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Overview of Maryland EMS Benjamin J. Lawner, DO, MS, EMT-P Assistant Professor, Department of Emergency Medicine University of Maryland School of Medicine.

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Presentation on theme: "Overview of Maryland EMS Benjamin J. Lawner, DO, MS, EMT-P Assistant Professor, Department of Emergency Medicine University of Maryland School of Medicine."— Presentation transcript:

1 Overview of Maryland EMS Benjamin J. Lawner, DO, MS, EMT-P Assistant Professor, Department of Emergency Medicine University of Maryland School of Medicine

2 Objectives Understand different types of EMS providers Review training required for each EMS certification level Discuss organization of EMS at the state level Recognize your EMS faculty physicians and their roles in prehospital and disaster medicine

3 Medical Director, Baltimore City Fire Department Medical Director, University of Maryland ExpressCare Medical Director, Baltimore City Police Department Tactical Team Dr. Wade Gaasch

4 Deputy Medical Director, Baltimore City Fire Department Medical Director, University of Maryland Baltimore County Critical Care Transport Course Medical Director, CCBC Emergency Medical Technology Program Dr. Ben Lawner

5 Attending Physician at MedStar Georgetown University Hospital Medical Specialist, Maryland Task Force 1 Urban Search and Rescue Team Dr. JV Nable

6 Co-Director, UMMC/MIEMSS/UMBC emergency medical services fellowship Medical Director, Mercy Medical Center Base Station Dr. Debra Lee

7 Medical Director, Maryland State Police Aviation Command Dr. Douglas Floccare

8 Medical Director, Montgomery County Department of Fire Rescue Services Dr. Roger Stone

9 EMS Provider Types

10 Emergency Medical Technician

11 160-300 hours Non invasive skills Patient assisted medication Patient assessment / advanced first aid Minimum qualifications for ambulance crew Courses offered at Johns Hopkins University undergraduate campus, local community colleges, and at fire departments

12 Emergency Medical Technician Delivers “BLS” or basic life support Additional skills available depending upon jurisdiction and population based needs In Western Maryland, EMT’s can obtain and transmit 12 lead ECGs

13 The Advanced/Intermediate EMT

14 Advanced/Intermediate EMT “Paramedic” level skills 600-1000 hours Internship/fire academy training Minimum level of ALS Majority of BCFD apparatus staffing “Advanced Emergency Medical Technicians”

15 Advanced EMT Skills IV access ECG interpretation Medication administration Supraglottic airway placement

16 The Nationally Registered Paramedic

17 Nationally Registered Paramedic Highest level of ALS training 1200-2000 hours Supervised field internship Advanced assessment/skills

18 Nationally Registered Paramedic Must graduate from accredited program Typically 3 semesters + EMT Training leads to certificate or degree Link in the health care system Able to formulate focused field diagnoses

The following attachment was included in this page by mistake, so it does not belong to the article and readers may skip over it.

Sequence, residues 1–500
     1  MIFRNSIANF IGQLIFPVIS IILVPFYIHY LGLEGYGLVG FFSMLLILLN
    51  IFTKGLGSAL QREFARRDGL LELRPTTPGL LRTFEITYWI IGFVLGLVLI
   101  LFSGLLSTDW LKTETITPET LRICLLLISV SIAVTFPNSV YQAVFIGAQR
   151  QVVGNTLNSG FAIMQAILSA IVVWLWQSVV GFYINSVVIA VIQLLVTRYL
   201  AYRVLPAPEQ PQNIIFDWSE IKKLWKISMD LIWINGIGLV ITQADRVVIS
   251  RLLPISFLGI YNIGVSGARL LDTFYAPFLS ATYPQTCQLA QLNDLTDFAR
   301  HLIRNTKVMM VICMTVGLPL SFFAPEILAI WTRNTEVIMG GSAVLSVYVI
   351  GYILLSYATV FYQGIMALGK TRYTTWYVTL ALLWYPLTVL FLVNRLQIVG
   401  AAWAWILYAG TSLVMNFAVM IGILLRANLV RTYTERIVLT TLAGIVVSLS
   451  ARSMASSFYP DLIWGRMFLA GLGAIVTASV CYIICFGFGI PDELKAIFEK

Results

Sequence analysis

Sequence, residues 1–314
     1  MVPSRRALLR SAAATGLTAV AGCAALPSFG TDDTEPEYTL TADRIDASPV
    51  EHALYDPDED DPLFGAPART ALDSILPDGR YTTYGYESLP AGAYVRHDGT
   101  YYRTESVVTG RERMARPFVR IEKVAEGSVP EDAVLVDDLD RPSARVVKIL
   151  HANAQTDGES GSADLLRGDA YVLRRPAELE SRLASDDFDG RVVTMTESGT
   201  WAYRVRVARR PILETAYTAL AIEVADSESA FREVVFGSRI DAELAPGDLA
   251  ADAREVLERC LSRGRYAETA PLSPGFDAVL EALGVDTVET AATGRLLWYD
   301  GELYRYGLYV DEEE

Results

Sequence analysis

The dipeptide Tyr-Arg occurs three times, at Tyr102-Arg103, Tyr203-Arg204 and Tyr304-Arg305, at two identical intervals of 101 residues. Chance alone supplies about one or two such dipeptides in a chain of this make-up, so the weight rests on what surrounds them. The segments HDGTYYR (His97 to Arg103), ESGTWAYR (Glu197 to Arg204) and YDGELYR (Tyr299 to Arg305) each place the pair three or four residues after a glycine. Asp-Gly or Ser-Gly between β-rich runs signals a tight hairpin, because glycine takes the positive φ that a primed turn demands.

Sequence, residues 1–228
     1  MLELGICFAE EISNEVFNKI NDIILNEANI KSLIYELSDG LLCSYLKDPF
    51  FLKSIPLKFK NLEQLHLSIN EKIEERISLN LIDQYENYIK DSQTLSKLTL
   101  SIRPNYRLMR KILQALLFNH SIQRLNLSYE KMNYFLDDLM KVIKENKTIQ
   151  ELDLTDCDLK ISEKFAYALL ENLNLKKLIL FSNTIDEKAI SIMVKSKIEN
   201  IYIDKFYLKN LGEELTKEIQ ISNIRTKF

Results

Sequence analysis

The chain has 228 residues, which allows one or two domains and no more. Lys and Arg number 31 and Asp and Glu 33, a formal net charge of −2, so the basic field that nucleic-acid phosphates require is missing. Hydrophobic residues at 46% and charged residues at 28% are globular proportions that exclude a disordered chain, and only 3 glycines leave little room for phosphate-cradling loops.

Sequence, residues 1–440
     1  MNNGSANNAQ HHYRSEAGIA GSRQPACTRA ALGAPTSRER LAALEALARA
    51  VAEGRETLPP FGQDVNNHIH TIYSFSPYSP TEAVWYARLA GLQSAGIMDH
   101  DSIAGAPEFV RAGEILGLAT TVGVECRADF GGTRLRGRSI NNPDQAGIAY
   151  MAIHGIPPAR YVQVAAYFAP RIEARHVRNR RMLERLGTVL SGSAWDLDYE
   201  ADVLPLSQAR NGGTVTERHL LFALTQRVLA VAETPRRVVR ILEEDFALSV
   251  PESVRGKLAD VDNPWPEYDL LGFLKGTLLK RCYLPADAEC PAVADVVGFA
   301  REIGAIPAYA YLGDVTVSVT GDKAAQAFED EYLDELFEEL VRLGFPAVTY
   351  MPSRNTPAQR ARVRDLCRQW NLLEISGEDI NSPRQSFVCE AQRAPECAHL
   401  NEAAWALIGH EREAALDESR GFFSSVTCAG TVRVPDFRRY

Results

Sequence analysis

19 Specialty Care Providers

20

21 Critical / Specialty Care Paramedics Participate in interfacility transfers Additional training in medication infusions Enhanced scope of practice May work with RN, RT, physicians Ventilator management In Maryland, “specialty care transport” considerations apply to patients with advanced in-transport medical needs

22 Critical/Specialty Care Paramedics No uniform standard of training Typically regulated by state or jurisdiction National organizations suggest minimum standards Voluntary certification Critical care transport providers

23 Maryland State Police: Aviation Command State funded Provides scene response and medical transport for ill and injured 7 geographically located helicopter bases Staffed with police paramedics Twin engine AW139 and Dauphin helicopters Majority of missions are trauma response

24 Aviation Command Centralized dispatch system Expedited transport to definitive care Also performs select law enforcement and rescue missions No transport fee charged to Maryland citizens Established protocols for requesting medevac assistance

25 EMS Oversight in Maryland

26 Regionalized care Oversight Quality assurance Independent agency

27 State divided into 5 regions Regional councils and medical directors State EMS board comprised of stakeholders Articulation of policy and protocols EMS regulations Administration of medevac operations (MSP)

28 Baltimore City is in MIEMSS Region III

29 EMS Physicians Subspecialty training 9 months minimum Field operations Tactical medicine Mass gathering medicine Provider training Communications Disaster mitigation / managment

30 EMS Physicians Operational medical direction Administrative medical direction Online vs. offline medical control Onscene response Disaster planning

31 EMS Physician Responsibility Resident EMS rotation EMS specific curriculum Senior student and resident electives Hospital based medical control Prehospital quality assurance

32 Rotation Basics

33 The Steadman Station

34 Steadman Station: Apparatus Lombard/Eutaw streets Houses 3 ALS medic units (M1,M22,M23) EMS supervisor (EMS-2) ALS engine (E-23) Heavy rescue company (R-1) Hazmat and decon task force Air cascade unit Specialty response units (collapse rescue)

35 Steadman Station: Reporting Procedure Ask for the on-duty EMS supervisor The supervisor will assign you to a unit or to the supervisor’s own response vehicle Ambulances may be out at the hospital or on scene The supervisor will advise the crew that you are in station

36 Steadman Station: Uniform Polo or scrub shirt Khaki, BDU, or scrub pants University of Maryland ID Stethoscope Money for food (fire station dinner $5-10) Closed toe shoes Compliance with University of Maryland School of Medicine dress code

37

38 How to Get Involved Observation shifts Ride A Longs Elective Next steps

39 Thank You! Blawn001@umaryland.edu


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